100,000 Lotus Lanterns
Arriving early to find stacks of chairs ready to be taken lining the street, barriers already set up one lane into the road and staff awaiting the cops to block traffic at the end of the road to start setting up just built the anticipation. My friend and I grabbed some chairs forty-five minutes prior to the set start time and placed ourselves just behind the ropes to get the best seats in the house. We were down near the end of the show near Insa-dong and Jogyesa Temple. Watching as the cops slowly blocked off traffic on this busy thoroughfare in the center of Seoul and more people started filing in and grabbing seats made my knees start knocking together. It was the same feeling every year when I was younger back home living in the suburbs of Dayton. The parade may have been a bit smaller with mostly local highschool bands, color guards and cheerleaders but the excitement as we walked up to the main strip, or Stroop as is its name, getting out our blankets to sit on to watch was the same.
From Dongdaemun to Jogyesa Temple, along Jongno Street a parade of lanterns in the shape of the lotus flower or other significant Buddhist symbols flowed. As in years past it was nothing short of spectacular. The lights were brilliant and the people in the parade and watching were all in good spirits. The weather forecasted rain over the weekend, but Saturday and Sunday ended up being bright and sunny with a slight breeze to remind us all of what a friendly spring can look like.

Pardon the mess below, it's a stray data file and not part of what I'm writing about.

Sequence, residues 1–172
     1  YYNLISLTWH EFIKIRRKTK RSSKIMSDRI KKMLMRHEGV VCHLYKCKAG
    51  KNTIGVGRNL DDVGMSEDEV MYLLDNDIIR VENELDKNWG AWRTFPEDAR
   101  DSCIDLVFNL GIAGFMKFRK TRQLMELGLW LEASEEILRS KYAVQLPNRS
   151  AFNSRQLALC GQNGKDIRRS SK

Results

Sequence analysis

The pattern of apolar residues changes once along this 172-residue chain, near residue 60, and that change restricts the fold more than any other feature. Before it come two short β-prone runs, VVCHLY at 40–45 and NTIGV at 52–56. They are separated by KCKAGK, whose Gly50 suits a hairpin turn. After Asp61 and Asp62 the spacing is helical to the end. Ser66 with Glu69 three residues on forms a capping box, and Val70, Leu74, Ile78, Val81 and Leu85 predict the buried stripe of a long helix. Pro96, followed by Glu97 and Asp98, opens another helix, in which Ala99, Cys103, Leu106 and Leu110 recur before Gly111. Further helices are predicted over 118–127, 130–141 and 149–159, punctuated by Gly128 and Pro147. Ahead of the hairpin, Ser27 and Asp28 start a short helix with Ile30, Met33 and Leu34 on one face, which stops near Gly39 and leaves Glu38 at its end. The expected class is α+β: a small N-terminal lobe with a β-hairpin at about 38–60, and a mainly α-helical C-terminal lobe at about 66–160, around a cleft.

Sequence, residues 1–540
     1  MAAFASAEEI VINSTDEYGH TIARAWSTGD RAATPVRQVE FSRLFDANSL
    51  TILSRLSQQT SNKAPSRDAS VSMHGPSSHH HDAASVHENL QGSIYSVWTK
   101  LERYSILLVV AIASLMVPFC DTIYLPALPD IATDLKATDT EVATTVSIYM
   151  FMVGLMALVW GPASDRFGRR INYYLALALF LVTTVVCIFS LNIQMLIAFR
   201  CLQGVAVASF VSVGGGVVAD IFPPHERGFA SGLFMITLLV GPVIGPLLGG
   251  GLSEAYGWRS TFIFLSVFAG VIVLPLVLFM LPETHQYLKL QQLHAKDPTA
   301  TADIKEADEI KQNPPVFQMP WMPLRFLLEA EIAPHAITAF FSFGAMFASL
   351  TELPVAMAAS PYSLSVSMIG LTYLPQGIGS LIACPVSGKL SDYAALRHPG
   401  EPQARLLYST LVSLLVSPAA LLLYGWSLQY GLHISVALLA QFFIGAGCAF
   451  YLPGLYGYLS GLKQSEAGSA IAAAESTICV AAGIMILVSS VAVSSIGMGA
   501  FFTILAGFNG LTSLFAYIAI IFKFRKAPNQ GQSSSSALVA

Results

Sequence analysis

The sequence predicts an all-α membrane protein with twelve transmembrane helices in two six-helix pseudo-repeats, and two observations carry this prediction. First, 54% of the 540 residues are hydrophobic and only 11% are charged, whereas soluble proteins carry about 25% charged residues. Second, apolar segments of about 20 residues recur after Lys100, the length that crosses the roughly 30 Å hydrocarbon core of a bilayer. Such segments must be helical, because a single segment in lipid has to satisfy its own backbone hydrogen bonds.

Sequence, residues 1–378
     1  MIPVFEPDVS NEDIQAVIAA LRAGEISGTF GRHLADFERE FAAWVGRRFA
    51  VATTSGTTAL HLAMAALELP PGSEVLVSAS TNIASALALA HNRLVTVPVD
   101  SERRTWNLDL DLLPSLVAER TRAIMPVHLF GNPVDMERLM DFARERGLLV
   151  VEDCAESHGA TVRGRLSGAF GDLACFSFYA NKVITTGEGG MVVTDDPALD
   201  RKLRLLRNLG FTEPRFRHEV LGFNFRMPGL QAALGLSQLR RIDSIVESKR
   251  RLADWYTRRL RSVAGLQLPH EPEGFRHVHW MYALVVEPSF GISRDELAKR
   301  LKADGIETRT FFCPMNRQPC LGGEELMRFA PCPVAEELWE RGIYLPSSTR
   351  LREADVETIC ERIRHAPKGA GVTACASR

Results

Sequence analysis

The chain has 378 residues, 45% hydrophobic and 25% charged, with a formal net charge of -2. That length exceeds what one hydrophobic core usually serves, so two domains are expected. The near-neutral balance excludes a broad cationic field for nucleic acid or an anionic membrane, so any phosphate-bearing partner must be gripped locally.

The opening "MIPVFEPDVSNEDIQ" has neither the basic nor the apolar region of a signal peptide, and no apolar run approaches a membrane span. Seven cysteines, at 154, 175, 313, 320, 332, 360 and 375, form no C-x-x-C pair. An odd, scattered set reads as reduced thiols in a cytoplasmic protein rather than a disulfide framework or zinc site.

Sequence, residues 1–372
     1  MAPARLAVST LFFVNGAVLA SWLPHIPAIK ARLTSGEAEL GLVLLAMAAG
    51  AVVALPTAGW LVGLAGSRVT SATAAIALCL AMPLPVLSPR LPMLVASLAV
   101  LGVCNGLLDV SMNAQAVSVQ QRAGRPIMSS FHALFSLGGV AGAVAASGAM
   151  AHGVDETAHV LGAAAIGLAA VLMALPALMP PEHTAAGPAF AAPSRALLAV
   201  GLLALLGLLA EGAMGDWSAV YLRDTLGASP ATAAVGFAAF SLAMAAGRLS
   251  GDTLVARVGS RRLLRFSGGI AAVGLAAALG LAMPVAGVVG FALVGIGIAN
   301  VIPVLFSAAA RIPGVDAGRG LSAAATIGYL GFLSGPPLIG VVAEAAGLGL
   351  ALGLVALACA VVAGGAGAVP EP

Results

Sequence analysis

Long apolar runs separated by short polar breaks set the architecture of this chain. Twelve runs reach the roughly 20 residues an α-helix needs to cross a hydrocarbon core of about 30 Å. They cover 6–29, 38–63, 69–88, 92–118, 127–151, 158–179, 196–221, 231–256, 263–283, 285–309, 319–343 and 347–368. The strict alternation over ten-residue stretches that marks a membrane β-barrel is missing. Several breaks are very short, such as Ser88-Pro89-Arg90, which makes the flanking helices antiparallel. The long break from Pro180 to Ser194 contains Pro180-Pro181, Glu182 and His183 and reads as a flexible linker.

According to Buddhist beliefs, the act of lighting a lotus-shaped lantern “will light up the dark parts of one’s soul. By doing this, the evil and flawed parts of one’s soul are stripped away leaving only a clean slate to start anew. Lanterns are also lit to dispel the darkness that is in the world, symbolizing one’s hope for a wiser and more compassionate society.”
This festival began in the Goryeo Period between 918 and 1392 and continued in the Joseon Dynasty from 1392 to 1910 and Koreans are still celebrating with this beautiful tradition today. It’s always a wonder to behold and I’m glad I had the chance to once again this year.